While the hiking function of Quo Vadis might have terminated with a whimper, the game viewing segment of our “hike” bore testimony to both Malcolm’s generosity as well as the capacity of the German contingent to once again drink themselves into a stupor. For them, the wealth of game was a distraction.
But as Julie Andrews would sing in the Sound of Music, “Let’s start at the very beginning”.
Main picture: Malcolm’s shack in the Olifant’s North Game Reserve
On the Saturday morning the hike commenced with the members challenging conventions by refusing to commence the hike. Their objection – a smattering of rain drops – intimidated them. Even the most resolute ultimately succumbed to this mortal foe. None would show their mettle. With my nod of (dis)approval, we trooped off to sunnier climes: Malcolm’s magical bush veldt home.
En route we stopped off at Tzaneen with Arnold & I shopping for a week’s worth of groceries and the Germans shopping for two weeks’ worth of booze. Even with Malcolm’s plaintive pleas still ringing in their ears, that he was already overstocked in the booze department, they could not desist from destocking the liquor store.
Malcolm’s mansion is located on a private game reserve called the Olifant’s North Game Reserve – so-called to distinguish it from the Olifant’s South Game Reserve – where Janine has her mansion. Apparently as they could not mutually agree on whether it should be a 10-star mansion or a bush cottage, each has their own. It is accessed through a 1930s era farming
area called Griekie for indigent white farmers. All of these game reserves abutting the Kruger no longer have any fencing. Consequentially game can now wander through the private reserves from the Kruger National Park.
Malcolm’s residence is “hidden” on a ridge line. It comprises four wings, two with two bedrooms apiece. The main wing – the living area – comprises a kitchen, lounge and dining room. Clearly no cost was spared in its construction. It is a far cry from the usual hiking huts to which we are accustomed. But it came with unwelcome news, the myriad instructions, the do’s and don’ts all at the behest of Janine, or so Malcolm alleged. Wasn’t Malcolm aware that we were a bunch of slobs with a total disregard for norms and conventions?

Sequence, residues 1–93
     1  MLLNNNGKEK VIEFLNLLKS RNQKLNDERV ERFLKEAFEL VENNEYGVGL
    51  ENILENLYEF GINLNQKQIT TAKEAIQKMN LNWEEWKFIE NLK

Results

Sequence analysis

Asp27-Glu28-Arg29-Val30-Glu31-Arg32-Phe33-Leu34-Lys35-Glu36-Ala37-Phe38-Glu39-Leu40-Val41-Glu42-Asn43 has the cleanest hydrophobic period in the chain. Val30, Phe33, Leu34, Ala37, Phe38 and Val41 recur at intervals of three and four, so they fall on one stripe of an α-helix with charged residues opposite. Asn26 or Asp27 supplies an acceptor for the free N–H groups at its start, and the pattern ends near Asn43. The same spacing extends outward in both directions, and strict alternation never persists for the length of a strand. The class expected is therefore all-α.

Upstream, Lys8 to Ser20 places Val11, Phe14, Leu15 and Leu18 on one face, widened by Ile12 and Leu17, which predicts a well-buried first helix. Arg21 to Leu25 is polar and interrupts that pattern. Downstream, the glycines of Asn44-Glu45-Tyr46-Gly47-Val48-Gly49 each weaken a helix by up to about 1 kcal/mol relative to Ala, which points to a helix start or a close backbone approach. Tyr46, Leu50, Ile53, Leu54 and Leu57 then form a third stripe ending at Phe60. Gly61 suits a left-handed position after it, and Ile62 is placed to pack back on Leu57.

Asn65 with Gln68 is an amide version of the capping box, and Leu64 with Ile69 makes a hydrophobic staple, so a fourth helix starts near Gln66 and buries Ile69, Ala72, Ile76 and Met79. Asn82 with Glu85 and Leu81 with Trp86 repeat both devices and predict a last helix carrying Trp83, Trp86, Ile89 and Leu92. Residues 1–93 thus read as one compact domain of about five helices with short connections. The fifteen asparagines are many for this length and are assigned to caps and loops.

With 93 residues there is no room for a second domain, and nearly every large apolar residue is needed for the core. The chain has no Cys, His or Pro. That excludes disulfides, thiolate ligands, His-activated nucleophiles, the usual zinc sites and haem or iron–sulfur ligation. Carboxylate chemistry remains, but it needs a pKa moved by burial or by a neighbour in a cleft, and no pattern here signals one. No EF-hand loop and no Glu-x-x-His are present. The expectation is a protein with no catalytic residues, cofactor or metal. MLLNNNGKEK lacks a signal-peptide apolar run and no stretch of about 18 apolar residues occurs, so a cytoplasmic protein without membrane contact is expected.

This only cast a temporary pall over the Germans as they had more pressing matters at hand like getting stuck into the booze. A bruising battle then ensued for control of the cooking. With the Germans more concerned with getting as much grog down their throats as possible and both Malcolm and I deferring to Arnold it was ever generous Mr. Paikin who gratuitously accepting the title as Cooking CEO.
Before commencing the meal , we had to endure a lecture on the decorum and etiquette of eating. Each was handed their own personalised serviette ring as well as own serviette to be used for the duration of the stay. Eating meat with one’s hands was declared verboten as apparently only the starving untermenschen may do so. Well I was starving but obviously not starving enough to relax the rules but my eating style or lack therefore did allow me to be accorded the designation as ein schwein.
As regards the cooking, Peter will have to up his game otherwise we will have to employ Paikin as the resident chef in future. This exalted position on his Linked-In CV will enable him to attain even more magical hights in his evolving career.
Game was plentiful with elephants, giraffes and zebras in abundance. Lions had their very own cafeterias well-stocked with tender young impalas. Many of the days were overcast and cool which for me was more reminiscent of Port Elizabeth during the 1960s and 70s than the Lowveld in summer.
On the Wednesday, we attended a nature walk. James, our guide, introduced us to the Lowveld’s fauna and flora. The most unusual was the tree dwelling toad, with their white nests in the branches and the velvet mites. For those of you who log their hiking mileage, I suggest that this three-hour excursion be claimed. Otherwise how do you justify it your wife. In retrospect, it was probably sensible that we did not hike Magoebaskloof as the complaints of aching muscles after a 3-kilometre 3-hour walk bears testimony to our unfitness and progressing years.
With most of the Club’s members now spread over the world, having the ilk of Arnold and Kurt or Malcolm and Clive for that matter, on the same hike in future, is highly unlikely. So it was on a fitting note that Quo Vadis closes a chapter in our lives.
Au revoir, auf wiedersehen, see ya
Quo Vadis 1989 to 2020